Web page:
Rather than give a series of instructions to follow step by step, our route keeps to the same direction passing South Greenhills Farm and arriving at the quiet settlement of Medlar where we pick up a tarmac lane. Beyond Medlar Hall Farm we enter an enclosed lane, our direction turning north and heading for Elswick. The main road through Elswick, Lodge Lane, is where we find the pub, The Ship, with pleasant garden, just the place to enjoy a pint on a fine day. At this stage of our walk a pint was welcome since it had taken two hours since leaving the car.
The next mile or so is on the road, the B5269, passing the village shop, the Methodist church and the old Non-Conformist chapel and graveyard said to be the oldest in Lancashire before leaving the village behind.
This stretch of road can’t have changed much in the last 50 years. I used to cycle this way on an old upright Raleigh bike with Sturmey Archer gears, the butt of mirth among my workmates who once attached a handwritten sign that read ‘Carter’s Fresh Meat Deliveries’ to the crossbar.
We remain on the road until reaching a T-junction where we turn right, continuing until we are past the extensive farmstead of Crossmoor Farm.
Take the stile on the right beyond the farm, the footpath beside a huge barn then we enter the next field by a second stile and follow the left hand hedge line to a third stile brings us into a field that in early June had a fine crop of barley growing but not yet ripe. The trouble was it had been sown with no margin at all so walking along the very edge was difficult.
Fortunately the next two fields had a grass crop for silage and the walking was easier although the stiles were in poor shape, making getting over them a problem.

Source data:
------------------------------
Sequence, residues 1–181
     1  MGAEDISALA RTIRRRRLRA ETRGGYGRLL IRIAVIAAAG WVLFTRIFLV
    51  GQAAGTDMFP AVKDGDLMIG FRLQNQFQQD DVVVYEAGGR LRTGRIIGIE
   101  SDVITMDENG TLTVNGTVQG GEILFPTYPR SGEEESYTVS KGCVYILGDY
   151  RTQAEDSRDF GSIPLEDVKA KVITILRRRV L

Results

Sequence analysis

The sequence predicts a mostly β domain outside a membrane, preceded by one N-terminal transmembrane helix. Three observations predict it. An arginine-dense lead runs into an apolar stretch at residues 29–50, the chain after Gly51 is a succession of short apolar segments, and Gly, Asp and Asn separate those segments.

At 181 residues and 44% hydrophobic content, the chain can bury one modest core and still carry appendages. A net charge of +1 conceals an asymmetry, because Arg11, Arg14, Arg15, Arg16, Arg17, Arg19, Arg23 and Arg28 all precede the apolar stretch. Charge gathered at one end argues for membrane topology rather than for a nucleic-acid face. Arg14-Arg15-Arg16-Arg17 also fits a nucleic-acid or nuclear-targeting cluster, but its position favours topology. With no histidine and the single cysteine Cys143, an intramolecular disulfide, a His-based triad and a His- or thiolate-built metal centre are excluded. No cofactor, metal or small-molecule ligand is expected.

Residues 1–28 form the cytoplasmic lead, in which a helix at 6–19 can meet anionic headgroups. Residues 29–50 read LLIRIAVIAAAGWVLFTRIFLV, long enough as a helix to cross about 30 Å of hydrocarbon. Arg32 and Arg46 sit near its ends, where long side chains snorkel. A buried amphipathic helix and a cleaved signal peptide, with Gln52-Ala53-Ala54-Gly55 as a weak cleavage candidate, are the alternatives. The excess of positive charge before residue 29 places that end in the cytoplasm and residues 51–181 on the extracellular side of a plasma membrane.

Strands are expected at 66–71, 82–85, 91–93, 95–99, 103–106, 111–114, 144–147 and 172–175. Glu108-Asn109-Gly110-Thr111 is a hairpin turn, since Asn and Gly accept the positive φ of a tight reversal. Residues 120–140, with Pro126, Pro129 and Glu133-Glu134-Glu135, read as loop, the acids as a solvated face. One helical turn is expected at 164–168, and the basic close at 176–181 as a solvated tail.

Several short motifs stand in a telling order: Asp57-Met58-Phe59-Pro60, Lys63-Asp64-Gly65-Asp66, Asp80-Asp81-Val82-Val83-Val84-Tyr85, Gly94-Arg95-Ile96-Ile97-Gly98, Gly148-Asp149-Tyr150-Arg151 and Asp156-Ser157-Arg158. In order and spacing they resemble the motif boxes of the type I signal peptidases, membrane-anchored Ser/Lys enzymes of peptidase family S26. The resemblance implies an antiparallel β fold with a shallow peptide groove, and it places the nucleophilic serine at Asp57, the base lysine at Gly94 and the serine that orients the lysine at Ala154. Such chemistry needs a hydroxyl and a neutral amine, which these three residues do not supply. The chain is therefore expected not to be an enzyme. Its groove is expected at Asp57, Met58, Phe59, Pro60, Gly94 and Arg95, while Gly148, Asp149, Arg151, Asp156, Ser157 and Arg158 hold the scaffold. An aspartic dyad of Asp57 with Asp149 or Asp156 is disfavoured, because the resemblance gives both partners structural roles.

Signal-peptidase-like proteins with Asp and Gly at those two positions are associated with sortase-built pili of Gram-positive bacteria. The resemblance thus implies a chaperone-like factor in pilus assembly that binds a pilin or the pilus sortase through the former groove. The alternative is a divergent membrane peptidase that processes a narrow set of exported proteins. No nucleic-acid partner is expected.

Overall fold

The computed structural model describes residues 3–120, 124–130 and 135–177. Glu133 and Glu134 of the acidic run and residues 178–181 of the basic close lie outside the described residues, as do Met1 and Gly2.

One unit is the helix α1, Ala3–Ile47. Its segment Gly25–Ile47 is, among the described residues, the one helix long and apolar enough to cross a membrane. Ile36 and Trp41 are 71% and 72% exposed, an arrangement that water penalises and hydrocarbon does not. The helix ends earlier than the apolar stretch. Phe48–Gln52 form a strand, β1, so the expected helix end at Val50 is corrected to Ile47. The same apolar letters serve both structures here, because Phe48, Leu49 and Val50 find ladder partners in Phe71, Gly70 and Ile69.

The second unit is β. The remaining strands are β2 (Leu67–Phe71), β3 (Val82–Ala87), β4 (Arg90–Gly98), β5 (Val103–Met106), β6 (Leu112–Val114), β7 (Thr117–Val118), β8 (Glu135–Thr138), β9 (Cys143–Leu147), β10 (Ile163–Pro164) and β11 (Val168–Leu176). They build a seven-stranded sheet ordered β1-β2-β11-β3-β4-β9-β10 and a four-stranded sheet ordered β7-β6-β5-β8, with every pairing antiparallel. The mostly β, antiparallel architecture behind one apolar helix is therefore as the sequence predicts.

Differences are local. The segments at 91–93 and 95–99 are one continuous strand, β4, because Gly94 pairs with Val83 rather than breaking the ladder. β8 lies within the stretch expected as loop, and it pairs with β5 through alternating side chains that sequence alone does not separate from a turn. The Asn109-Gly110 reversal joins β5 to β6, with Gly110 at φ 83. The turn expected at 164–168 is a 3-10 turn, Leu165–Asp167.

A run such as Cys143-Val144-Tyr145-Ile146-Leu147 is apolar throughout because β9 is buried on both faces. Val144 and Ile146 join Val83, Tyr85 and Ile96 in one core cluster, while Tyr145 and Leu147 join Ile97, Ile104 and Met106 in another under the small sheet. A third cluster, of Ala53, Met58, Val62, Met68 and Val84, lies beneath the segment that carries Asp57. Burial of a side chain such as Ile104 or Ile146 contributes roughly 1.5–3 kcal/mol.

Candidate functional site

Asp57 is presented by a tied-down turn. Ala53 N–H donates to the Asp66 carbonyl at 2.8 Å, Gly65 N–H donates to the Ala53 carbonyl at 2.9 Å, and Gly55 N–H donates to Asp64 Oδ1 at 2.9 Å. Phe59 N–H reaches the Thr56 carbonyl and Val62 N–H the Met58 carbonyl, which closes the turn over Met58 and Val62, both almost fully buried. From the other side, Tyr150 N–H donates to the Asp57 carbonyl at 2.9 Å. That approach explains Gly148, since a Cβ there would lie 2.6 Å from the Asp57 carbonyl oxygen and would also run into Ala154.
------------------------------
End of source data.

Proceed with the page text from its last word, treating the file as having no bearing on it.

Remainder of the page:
When we came to a footbridge over a stream it was heavily overgrown with elder which Jim wrestled with like a man possessed.
Once across the footbridge there is no evidence of a continuing footpath across the intervening field. Looking ahead there is a red brick house and we go right past it and to do this you should turn right and walk along the field margin until you are opposite a gateway then head directly across to it, crop or no crop. The gate has a way mark on the other side so we know we’re on a right of way.
A cart track leads to the house, Stanley Farm, and we follow the access lane to meet the road at a T-junction with a bench. Turn left on the lane passing the masts and scattered buildings of RNAS Inskip on the left.
On entering Wharles nobody could be unaware of the opposition to the plans to extract shale gas locally. There’s an enormous potential underneath our feet but locally they don’t want it extracted. There are arguments on both sides but it would be a rash householder in these parts who put up a sign saying Yes to Fracking.
Our return leg is all on the road. We go through Wharles then at a T-junction turn right bringing us back to the forecourt of the Eagle and Child.
Area of walk: Wharles/Elswick/Roseacre
Distance: 10 miles approx
Time to allow: 4-5 hours
Map: OS Explorer 286 Blackpool and Preston
Refreshments: The Ship, Elswick
Not suitable for wheelchairs or pushchairs